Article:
Tallarook Mechanics Institute History



In May 1890 the Kilmore Free Press announced that “Efforts are being made by the Tallarook residents to found a Mechanics Institute and Free Library in the town. A block of ground…is given by Mr W Fox and about £70 have been promised already by a number of residents.” By 3 March the following year the Seymour Express reported the roof was on and completion of the building expected soon. The reporter was sure the new Hall “ought to induce a number of theatrical companies to patronise Tallarook” [while he was referring to the near future he could have been foreseeing the Hall’s use right into the 21st century]. Just one month later the same newspaper was able to report that the opening celebrations for the new Tallarook Mechanics Institute Hall would be held that night with a ball.


In 18th and 19th century parlance a mechanic was an artisan, a craftsman or a working man. Dr George Birkbeck, a Professor of Natural Philosophy [science] at Anderson University, Glasgow in 1799, was impressed by the curiosity of mechanics who were making the equipment he needed to perform his experiments. He lobbied successfully for a “mechanics” series of lectures to be held at the University and was overwhelmed by an attendance of 500 men by his fourth lecture. He took his new found passion for the education of the working man to London where the London Mechanics Institution was opened in 1823 and over the next quarter century another 700 or so were established across Britain. The mechanics institute movement spread to the colonies with a flourish so that by the 1890s, when Tallarook’s was built, the Northern Territory had three, Tasmania 50, Western Australia 71, South Australia 210, Queensland 350 and New South Wales 433. But nowhere were people as excited about these community endeavours as in Victoria, which had 1,030. While the provision of a free library and educative lectures were still part of mechanics institute life, conservative and hierarchical British culture began to let down some of its constraints as it adapted to suit new conditions of life and an evolving social culture in Australia. The lines became blurred between the working and middle classes and mechanics institutes provided a forum for people to come together and forge new communities across all urban, regional and rural districts.[1]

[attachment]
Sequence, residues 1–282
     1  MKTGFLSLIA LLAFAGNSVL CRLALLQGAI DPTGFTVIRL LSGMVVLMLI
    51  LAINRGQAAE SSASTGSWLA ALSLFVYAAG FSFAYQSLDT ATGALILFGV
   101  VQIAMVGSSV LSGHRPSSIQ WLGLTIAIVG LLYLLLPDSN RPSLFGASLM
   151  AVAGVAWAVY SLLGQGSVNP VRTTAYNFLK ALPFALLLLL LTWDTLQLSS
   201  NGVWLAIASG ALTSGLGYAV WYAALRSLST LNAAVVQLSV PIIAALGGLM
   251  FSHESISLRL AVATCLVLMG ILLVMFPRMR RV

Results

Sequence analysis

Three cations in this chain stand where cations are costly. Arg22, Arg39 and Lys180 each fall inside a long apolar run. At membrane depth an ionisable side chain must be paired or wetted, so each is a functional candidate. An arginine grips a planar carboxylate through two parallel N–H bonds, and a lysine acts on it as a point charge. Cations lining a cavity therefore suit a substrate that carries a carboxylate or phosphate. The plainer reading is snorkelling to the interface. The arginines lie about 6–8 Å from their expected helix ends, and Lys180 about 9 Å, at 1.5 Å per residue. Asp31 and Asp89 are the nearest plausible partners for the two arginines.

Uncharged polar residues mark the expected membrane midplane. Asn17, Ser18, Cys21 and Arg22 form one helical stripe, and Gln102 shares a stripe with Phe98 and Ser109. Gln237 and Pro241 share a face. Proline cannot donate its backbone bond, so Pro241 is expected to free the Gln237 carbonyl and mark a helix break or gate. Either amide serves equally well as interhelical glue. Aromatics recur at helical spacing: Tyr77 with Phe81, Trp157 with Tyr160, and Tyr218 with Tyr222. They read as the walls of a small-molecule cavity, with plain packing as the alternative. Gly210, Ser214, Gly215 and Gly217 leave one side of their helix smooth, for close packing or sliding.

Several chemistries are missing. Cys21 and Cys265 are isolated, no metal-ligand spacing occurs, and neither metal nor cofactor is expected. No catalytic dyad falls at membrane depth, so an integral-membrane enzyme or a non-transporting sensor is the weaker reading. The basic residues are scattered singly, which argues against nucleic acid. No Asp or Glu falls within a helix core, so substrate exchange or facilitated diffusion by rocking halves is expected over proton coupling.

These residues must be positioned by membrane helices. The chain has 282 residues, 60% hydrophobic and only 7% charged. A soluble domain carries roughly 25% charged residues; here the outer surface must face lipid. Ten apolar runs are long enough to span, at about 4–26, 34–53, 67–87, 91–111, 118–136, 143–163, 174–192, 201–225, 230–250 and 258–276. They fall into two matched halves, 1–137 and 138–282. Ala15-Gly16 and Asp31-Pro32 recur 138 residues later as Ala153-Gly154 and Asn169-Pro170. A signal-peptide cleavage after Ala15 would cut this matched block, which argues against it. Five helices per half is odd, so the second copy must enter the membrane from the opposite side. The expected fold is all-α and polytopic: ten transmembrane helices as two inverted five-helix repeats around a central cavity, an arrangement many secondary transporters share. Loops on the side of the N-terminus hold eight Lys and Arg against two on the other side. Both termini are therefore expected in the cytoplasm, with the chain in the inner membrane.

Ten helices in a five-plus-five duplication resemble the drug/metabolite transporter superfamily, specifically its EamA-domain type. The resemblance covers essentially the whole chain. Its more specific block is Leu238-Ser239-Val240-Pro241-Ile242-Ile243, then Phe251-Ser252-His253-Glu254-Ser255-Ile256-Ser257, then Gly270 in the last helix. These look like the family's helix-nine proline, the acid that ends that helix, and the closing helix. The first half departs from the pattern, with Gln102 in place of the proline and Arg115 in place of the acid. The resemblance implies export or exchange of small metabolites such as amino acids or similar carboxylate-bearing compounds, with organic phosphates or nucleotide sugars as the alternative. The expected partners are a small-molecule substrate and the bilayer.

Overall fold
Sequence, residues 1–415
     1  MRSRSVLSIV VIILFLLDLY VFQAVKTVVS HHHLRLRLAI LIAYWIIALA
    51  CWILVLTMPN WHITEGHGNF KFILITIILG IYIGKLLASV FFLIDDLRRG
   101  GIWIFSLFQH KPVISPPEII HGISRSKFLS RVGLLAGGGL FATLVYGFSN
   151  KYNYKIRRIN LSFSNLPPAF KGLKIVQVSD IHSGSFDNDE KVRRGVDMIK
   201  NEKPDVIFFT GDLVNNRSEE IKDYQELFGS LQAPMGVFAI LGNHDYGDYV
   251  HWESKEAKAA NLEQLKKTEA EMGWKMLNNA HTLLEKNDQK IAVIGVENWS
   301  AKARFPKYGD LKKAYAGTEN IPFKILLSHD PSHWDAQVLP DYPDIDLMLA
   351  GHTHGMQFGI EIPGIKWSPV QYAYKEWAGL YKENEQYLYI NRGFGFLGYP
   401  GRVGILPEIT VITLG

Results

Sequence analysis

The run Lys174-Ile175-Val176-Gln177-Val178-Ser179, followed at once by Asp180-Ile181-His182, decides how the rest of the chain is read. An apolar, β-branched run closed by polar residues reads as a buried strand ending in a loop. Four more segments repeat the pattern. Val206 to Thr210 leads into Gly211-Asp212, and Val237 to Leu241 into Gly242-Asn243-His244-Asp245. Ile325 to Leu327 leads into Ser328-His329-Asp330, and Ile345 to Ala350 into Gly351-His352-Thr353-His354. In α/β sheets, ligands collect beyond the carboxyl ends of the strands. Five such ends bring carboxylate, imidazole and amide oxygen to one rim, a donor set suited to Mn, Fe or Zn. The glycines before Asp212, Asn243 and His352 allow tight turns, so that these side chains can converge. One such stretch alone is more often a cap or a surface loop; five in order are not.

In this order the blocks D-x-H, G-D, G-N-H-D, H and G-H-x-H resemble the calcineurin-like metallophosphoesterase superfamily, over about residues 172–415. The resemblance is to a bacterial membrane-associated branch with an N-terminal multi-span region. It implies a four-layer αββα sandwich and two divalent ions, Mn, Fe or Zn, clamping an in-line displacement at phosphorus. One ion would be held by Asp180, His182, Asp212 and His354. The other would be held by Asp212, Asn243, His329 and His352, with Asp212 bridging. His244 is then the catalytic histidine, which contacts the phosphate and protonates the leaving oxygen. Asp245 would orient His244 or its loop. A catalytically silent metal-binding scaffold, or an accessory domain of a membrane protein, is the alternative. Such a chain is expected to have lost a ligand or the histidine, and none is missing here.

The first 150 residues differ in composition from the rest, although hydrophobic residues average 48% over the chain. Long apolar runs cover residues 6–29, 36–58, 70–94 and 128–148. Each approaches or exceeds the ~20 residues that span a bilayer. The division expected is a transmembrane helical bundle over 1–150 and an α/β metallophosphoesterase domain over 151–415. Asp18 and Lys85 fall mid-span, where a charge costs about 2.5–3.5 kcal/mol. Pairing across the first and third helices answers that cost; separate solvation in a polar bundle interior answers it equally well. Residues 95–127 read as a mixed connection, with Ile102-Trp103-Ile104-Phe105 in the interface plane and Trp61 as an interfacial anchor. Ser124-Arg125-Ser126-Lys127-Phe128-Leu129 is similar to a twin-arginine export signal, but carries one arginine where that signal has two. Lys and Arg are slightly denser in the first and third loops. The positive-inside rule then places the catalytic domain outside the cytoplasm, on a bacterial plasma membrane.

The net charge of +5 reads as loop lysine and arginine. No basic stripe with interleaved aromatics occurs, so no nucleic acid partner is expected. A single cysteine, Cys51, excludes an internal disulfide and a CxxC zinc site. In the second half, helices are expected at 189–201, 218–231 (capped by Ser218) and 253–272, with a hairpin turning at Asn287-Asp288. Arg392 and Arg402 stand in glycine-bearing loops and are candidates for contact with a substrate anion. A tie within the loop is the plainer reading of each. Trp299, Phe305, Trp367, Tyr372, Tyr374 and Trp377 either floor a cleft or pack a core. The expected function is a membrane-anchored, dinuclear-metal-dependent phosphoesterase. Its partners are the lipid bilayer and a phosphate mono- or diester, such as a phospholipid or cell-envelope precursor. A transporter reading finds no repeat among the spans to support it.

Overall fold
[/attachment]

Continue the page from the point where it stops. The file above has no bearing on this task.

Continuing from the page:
The mechanics institutes were open to any member of a community, women included, who wanted to read the newspapers from “back home” or from the metropolis, or borrow books, or listen to invited speakers. But the colonial mechanics institutes appeased more than just a hunger for literacy and learning. While a building can't be said to actually have an “elder’s” authority, experience, decision making capabilities or seniority [although it can have age] the mechanics institute building in Tallarook, like all mechanics institutes, bestowed these characteristics onto its community. For residents who did have seniority or experience, or who wished to have a stake in their democratic, civic minded, progressing communities, these halls were the place to get involved. 


In the week or two before the Tallarook Mechanics Institute was opened Fox’s Hotel was used for the annual general meeting of the Tallarook Racing Club, and a public meeting was held to make plans for a savings bank to be established in Tallarook. Similarly, since the 1850s social occasions, sporting events, plans to lobby the Road Board, the Shire Council, or other higher authorities for the greater good – all took place in one or other of the hotels, or in the church hall, or in private homes, or by the well outside the Church of England in the days when that was the only water supply.  Finally, in April 1891, Tallarook had a comfortable, spacious, central, communal hall, that was owned by and welcoming to the whole community.